Isn’t that exciting! Its like your plant rewarded you by providing you with its offspring and continuing its life cycle because its been given great accurate care from its owner! I just love the life cycle and design that mother nature provided for this plant that we plant owners recieve can appreciate and recieve great joy from! I absolutely love the whole concept behind the care and maintenance when it comes to growing Bromeliads. They have a very unique demand for life thats simple to provide it if your fortunate enough to have aquired one! They are so much fun to own with all the many characteristics and varieties, these plants come with personalities! Having the plant rewards you with more plants, (aka, pups) its without a doubt gratification and assurence of your successful growing and nuturing of these exotic plants! Well done and says alot abut you! Its pups are the gifts produced from the plant for taking such good care of it! Congratulations on your new family! LOL.

  10. candice says:

    How long does it take for the pups to get a red bloom? The mother had a red bloom when we first bought it,but its been a year with no blooms.just two new pups no red in 7 months

  11. Theresa Pepiot says:

    My bromeliads bloom turned brown and the leaves around it are dead and/or dying as well. When I touched the bloom to cut it, the entire bloom and stalk (?) came out. How do I save my plant from my being away on vacation and it was neglected?

    1. Kaitlyn says:

      I wish someone could answer your question because the same has happened to mine.. I’m not sure if I need to cut more off or if that’s just it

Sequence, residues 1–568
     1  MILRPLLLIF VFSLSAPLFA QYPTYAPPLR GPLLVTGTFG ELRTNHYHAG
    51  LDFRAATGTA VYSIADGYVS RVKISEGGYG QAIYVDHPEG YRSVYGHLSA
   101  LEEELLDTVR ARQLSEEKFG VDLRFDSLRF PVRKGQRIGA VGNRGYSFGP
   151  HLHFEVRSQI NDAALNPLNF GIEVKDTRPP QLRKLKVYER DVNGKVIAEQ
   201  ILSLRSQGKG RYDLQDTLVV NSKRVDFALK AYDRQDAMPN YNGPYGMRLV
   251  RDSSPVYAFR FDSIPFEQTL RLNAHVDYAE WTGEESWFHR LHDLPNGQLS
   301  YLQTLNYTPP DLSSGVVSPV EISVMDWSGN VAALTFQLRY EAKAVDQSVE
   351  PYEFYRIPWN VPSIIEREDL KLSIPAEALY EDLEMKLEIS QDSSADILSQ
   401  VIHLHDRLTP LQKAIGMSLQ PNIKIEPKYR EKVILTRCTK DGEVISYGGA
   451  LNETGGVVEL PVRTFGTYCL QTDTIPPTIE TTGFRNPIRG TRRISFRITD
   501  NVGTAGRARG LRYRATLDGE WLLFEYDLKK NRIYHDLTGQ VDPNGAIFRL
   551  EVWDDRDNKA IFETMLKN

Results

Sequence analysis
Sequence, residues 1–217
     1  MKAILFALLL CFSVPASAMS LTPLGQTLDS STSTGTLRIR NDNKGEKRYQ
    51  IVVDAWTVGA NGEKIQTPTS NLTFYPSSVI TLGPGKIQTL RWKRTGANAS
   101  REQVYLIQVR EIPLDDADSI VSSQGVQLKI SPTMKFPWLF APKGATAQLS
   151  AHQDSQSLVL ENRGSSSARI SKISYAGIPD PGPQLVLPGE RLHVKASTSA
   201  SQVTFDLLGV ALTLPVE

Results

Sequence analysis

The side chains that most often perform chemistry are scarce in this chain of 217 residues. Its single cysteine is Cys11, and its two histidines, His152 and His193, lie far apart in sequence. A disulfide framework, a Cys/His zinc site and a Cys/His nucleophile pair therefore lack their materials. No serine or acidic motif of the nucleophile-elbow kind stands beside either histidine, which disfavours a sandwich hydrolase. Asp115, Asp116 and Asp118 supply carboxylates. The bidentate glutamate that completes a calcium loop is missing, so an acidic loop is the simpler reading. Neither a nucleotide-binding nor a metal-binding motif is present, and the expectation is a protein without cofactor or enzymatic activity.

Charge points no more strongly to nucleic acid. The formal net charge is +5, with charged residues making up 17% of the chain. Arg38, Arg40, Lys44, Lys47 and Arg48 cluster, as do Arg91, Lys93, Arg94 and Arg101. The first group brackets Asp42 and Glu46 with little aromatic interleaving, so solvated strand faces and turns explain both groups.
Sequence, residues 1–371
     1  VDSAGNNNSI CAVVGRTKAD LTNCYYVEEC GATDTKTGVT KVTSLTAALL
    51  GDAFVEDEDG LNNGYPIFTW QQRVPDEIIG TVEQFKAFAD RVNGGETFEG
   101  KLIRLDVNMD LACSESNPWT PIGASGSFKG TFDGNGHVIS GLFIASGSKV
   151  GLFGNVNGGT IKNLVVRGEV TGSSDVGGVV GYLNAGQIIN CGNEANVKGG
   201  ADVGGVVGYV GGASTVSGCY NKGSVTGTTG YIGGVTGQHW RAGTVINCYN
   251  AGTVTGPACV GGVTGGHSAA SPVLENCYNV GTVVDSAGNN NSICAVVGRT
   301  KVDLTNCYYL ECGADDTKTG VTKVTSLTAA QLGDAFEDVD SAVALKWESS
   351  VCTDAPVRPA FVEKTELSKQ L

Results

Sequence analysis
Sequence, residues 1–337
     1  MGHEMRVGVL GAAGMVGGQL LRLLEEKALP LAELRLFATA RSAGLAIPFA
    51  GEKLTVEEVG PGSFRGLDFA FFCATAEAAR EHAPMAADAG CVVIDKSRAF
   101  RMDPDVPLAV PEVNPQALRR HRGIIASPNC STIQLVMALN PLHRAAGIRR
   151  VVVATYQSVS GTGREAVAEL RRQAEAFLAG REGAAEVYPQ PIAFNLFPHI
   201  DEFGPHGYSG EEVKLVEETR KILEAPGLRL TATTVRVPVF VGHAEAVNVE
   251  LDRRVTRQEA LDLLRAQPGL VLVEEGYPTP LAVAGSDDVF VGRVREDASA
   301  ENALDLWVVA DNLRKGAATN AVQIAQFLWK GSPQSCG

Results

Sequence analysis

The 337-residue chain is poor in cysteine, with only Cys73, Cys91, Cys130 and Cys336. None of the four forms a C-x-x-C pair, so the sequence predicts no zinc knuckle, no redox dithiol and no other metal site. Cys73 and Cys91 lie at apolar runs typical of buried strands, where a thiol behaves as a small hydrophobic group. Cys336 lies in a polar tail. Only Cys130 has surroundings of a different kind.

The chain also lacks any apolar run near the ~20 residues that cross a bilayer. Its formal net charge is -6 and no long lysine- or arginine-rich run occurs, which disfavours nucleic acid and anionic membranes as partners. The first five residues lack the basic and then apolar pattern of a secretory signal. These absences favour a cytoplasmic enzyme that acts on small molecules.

1. Meagan says:

        Sounds like root rot! Could be from too much water, or hard water.

  12. Virginia says:

    I have one that the plant looks dead. Should I throw it away or will it come back?

  13. Ellen says:

    my pups are about 10 inches no sign of flowers they are in a sunny window with evening shade. They are about 1 years. Should I just hope for a while longer. Thanks

  14. JP Enguehard says:

    I have two plants which did not give any flowers because I did not do what I should have done. Now, how long do we have to leave the apple, (cut up?(, in a plastic bag to get the flower? At what time of the year do we do that? Thanks.

  15. dee dickson says:

    original plant had red flower. lhave 2 pups in bloom but they r pale green. why not red

  16. Suzanne Seiler says:

    Melanie, i am a mosaic artist and would like to have permission to use the header photo as a guide to create a beautiful mosaic. Can you let me know who is the photographer or owner of this photo?